Dragflick Newsdesk : Unfortunately, the Royal Dutch Hockey Association (KNHB) and Alyson Annan, national coach of the Dutch National Women’s Team, are separating immediately. The association and the national coach differ on the approach of the current process to improve cooperation and group culture at the Orange Ladies.
After the Olympic Games in Tokyo, it emerged during the evaluation interviews with the players that not everyone involved had a good feeling about the team climate in which they performed.
The observation was that the group culture, mutual communication and the individual well-being of players and staff were points that could be improved. The KNHB, which naturally considers the individual well-being of players and staff important, therefore decided to improve the performance climate on the basis of three pillars.
Improvement trajectory current team culture
First of all, the hockey association engaged an external supervisor who started a trajectory with staff and players to improve the current team culture.
Jeroen Bijl, technical director of the KNHB:
‘The external supervisor has used the past three months to take the first steps in this process with staff and team. Gradually, it became apparent that the approach that we as an association opted for in this process did not match Alyson Annan‘s vision on this. For us as KNHB there is no other way than the chosen route that we took with conviction in November. Of course we would have liked to finish the trajectory with Alyson up to and including the World Cup. Especially given her track record and what she has meant as national coach.’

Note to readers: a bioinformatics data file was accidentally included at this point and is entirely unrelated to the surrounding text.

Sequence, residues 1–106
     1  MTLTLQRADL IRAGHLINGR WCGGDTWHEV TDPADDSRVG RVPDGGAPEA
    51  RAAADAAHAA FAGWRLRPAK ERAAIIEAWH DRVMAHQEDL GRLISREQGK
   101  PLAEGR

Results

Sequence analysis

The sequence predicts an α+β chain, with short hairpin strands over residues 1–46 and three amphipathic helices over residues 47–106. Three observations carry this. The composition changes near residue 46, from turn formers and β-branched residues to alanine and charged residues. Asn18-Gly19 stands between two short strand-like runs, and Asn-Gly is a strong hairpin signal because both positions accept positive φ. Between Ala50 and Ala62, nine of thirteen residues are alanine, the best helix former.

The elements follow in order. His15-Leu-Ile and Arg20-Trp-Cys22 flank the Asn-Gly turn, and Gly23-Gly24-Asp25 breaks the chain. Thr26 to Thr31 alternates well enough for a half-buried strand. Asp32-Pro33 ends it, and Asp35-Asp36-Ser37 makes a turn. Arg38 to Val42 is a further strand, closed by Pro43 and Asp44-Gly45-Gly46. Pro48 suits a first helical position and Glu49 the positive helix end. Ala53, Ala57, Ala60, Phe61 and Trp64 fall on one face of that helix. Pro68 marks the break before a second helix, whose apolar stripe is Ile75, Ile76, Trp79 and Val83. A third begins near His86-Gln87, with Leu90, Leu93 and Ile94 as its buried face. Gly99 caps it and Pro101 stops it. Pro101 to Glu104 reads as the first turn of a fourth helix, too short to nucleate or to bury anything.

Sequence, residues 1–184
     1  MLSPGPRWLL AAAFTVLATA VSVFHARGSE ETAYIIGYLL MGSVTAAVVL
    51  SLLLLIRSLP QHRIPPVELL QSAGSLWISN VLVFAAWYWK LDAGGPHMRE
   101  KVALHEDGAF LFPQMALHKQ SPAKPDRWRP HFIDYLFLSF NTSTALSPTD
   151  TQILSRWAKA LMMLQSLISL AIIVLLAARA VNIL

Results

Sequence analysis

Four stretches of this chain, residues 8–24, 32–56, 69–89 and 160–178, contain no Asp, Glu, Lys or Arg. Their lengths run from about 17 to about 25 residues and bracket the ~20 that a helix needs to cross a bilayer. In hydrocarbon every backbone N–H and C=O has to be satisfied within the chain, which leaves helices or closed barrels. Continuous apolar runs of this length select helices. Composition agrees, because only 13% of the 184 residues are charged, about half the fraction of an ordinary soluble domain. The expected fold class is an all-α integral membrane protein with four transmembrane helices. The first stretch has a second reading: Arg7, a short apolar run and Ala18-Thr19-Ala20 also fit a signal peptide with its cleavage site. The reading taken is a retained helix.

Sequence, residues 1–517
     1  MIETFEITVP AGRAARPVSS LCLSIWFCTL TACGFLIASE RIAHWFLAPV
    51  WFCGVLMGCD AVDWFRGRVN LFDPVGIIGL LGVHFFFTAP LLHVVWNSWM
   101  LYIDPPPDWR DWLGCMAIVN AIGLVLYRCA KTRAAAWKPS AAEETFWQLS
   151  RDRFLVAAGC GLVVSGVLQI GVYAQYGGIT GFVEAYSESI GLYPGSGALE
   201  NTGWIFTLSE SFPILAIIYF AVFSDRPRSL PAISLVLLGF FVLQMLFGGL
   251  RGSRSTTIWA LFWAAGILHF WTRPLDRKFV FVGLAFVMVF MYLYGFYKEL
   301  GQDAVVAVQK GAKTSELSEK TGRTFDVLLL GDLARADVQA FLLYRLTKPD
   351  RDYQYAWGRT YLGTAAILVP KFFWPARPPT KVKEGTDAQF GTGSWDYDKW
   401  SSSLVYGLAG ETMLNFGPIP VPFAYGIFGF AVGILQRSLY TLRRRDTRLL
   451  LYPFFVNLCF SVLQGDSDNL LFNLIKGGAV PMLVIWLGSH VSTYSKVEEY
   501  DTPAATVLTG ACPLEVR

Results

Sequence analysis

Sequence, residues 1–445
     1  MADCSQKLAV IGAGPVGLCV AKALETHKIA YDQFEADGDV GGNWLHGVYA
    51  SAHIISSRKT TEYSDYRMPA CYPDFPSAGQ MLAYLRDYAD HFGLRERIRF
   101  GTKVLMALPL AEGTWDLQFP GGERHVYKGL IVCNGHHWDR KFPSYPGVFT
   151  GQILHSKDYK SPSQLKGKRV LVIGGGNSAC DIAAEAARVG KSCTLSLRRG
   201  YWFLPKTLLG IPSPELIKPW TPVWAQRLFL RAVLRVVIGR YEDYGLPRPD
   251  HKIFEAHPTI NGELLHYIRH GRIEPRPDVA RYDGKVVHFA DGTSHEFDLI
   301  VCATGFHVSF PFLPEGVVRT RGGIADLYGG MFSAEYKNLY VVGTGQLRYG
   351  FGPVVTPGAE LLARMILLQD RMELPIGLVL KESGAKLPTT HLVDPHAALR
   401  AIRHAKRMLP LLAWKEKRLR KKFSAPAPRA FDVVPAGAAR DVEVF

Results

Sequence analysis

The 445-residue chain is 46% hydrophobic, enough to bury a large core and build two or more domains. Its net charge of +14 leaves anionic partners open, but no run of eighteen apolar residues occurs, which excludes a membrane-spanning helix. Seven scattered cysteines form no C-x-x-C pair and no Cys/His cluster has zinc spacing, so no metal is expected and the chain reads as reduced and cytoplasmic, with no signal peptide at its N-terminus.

Alyson Annan: ‘In recent months I have gained insight into the points that we as a team, staff and individual could work on. In my opinion there is no difference of opinion about what can be improved, but about how to approach it. I drew a line for myself there and unfortunately this is the consequence.’
In addition to paying attention to the current team climate and mutual communication, the KNHB made agreements in December with an independent confidential adviser, especially for all players of the representative (youth) teams of the hockey association. This appointment was the second pillar in the association’s aim to improve the performance climate.
Finally, there was a need for an even more careful overall picture of the performance climate at the Dutch Women’s Team. That is why the KNHB asked an independent research bureau to look into this.
This process has also started, but due to the carefulness of the investigation at the KNHB, nothing is known about this at the moment. The results of this study are expected to be available at the end of February/beginning of March.